Style-Architecture and Building-Art is Hermann Muthesius’s classic criticism of nineteenth century architecture. Now published for the first time in English, this pivotal text represents the first serious effort by Muthesius to define the elements of early modernist architecture according to notions of realism and simplicity. Although Muthesius is known best in Anglo-American architectural literature for his studies of the English house, his scholarship constituted a wide-ranging modernist polemic emanating from the German realist movement of the late 1890s. Notions that were introduced in Style-Architecture and Building-Art became common in later modernist historiography: disdain for the nineteenth century’s artistic eclecticism and lack of originality; appreciation of the material and industrial aspects of building technology, and, above all, a simpler approach to design. Muthesius' critique of stylistic architecture is not only linked to the development of the Deutsche Werkbund movement, but also can be viewed more broadly as a cornerstone of the modern movement. In his introduction, Standford Anderson situates Muthesius and his work in turn-of-the-century architectural discourse and analyzes his vision of a new form of architecture. Anderson also discusses the rationale underlying the call for cultural renewal, the role of English architectural models in Muthesius’s thought, critical differences between the first and second editions of Style-Architecture and Building-Art, the influence of the Jugendstil and Art Nouveau movements on Muthesius and, in turn, the influence of Muthesius on the Deutsche Werkbund movement.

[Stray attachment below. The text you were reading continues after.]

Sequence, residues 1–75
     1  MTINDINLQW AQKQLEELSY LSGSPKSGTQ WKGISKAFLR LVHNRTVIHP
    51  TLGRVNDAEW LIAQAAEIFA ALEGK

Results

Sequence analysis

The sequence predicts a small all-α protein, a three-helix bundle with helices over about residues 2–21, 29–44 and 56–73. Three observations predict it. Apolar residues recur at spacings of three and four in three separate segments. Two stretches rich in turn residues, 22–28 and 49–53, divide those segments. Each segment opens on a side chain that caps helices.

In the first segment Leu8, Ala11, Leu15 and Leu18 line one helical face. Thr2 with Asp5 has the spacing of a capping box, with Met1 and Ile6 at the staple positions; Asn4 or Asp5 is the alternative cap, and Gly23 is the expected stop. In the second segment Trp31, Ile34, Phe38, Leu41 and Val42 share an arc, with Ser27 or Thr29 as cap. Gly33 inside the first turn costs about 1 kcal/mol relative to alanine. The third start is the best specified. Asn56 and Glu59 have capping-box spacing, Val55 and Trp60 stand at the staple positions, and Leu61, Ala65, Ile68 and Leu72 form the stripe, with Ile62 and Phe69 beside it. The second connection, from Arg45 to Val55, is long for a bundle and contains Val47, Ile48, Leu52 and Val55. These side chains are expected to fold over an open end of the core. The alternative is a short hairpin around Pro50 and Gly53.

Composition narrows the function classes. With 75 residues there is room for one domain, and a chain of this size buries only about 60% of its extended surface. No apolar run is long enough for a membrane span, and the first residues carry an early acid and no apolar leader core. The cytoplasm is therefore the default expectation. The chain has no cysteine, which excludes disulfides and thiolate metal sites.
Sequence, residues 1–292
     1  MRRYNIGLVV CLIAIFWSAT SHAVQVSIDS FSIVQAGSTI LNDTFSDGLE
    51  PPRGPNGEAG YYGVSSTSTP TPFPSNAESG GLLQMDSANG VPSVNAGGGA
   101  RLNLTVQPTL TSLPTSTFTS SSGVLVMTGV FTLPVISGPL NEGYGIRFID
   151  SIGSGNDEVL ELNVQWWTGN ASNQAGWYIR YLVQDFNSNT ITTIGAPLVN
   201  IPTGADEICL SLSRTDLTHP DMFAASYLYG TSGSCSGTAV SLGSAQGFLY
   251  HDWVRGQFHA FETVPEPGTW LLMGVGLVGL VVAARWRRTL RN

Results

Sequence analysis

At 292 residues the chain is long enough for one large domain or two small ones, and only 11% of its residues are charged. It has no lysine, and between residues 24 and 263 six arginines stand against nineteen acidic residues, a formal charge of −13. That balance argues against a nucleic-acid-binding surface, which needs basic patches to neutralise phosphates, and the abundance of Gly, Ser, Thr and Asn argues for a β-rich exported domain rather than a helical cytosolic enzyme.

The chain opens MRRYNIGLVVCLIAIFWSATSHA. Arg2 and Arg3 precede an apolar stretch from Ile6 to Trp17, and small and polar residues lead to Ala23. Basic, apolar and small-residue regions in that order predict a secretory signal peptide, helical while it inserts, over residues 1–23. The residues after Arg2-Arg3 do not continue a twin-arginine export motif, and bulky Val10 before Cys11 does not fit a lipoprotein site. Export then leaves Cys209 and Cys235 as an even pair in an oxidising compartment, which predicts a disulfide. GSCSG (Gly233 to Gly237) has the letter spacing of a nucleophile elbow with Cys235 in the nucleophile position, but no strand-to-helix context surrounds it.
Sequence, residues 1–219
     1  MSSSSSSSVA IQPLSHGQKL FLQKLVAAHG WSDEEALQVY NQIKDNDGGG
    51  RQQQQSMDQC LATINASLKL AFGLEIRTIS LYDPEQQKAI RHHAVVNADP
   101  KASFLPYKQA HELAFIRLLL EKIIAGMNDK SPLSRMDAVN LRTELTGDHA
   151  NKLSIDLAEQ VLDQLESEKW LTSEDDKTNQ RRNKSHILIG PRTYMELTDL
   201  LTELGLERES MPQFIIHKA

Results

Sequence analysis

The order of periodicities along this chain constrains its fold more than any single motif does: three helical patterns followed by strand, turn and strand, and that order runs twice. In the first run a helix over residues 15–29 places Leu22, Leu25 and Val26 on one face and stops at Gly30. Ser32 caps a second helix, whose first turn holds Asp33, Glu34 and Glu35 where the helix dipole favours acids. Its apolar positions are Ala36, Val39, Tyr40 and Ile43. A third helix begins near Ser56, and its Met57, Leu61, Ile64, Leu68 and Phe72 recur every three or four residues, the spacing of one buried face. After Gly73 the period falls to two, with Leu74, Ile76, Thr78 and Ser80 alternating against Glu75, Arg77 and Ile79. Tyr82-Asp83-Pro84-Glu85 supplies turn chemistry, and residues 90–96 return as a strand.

As the first comprehensive encyclopedic survey of Western architectural theory from Vitruvius to the present, this book is an essential resource for architects, students, teachers, historians, and theorists. Using only original sources, Kruft has undertaken the monumental task of researching, organizing, and analyzing the significant statements put forth by architectural theorists over the last two thousand years. The result is a text that is authoritative and complete, easy to read without being reductive.
Building Theories speaks to the value of words in architecture. It addresses the author’s fascination with the voices of architects, engineers, builders, and craftspeople whose ideas about building have been captured in text. It discusses the content of treatises, essays, articles, and letters by those who have been, throughout history, committed to the art of building. In this, Building Theories argues for the return of a practice of architectural theory that is set amongst building, buildings, and builders. This journey of close reading reinterprets the words of Vitruvius, Alberti, de L’Orme, Le Camus de Mézières, Boullée, Laugier, Rondelet, Semper, Viollet-le-Duc, Hübsch, Bötticher, Berlage, Muthesius, Wagner, Behrendt, Gropius, and Arup. With chapters dedicated to texts from antiquity, the Renaissance, and the nineteenth century, and with a critical eye on architectural theory popularized in the Anglo-Saxon world post-1968, readers are introduced to a wider, more inclusive definition of architectural ideas. Building Theories considers how contemporary scholarship has steered away from the topic of building in its reluctance to admit that both design and construction are central to its concerns. In response, it argues for a realignment of architecture with the concept of techné, with a dual commitment to fabrica e ratio, with a productive return to l’art de bien bastir, with the accurate translation of the term Baukunst, and with an appeal to the architect’s ‘composite mind.’ Students, practitioners, and educators will identify in Building Theories ways of thinking that strive for the integration of design with construction; reject the supposed primacy of the former over the latter; recognize how aesthetics are an insufficient scaffold for subtending the subject of architectural ethics; and accept, without reservation, that material transformations have always been at the origins of built form.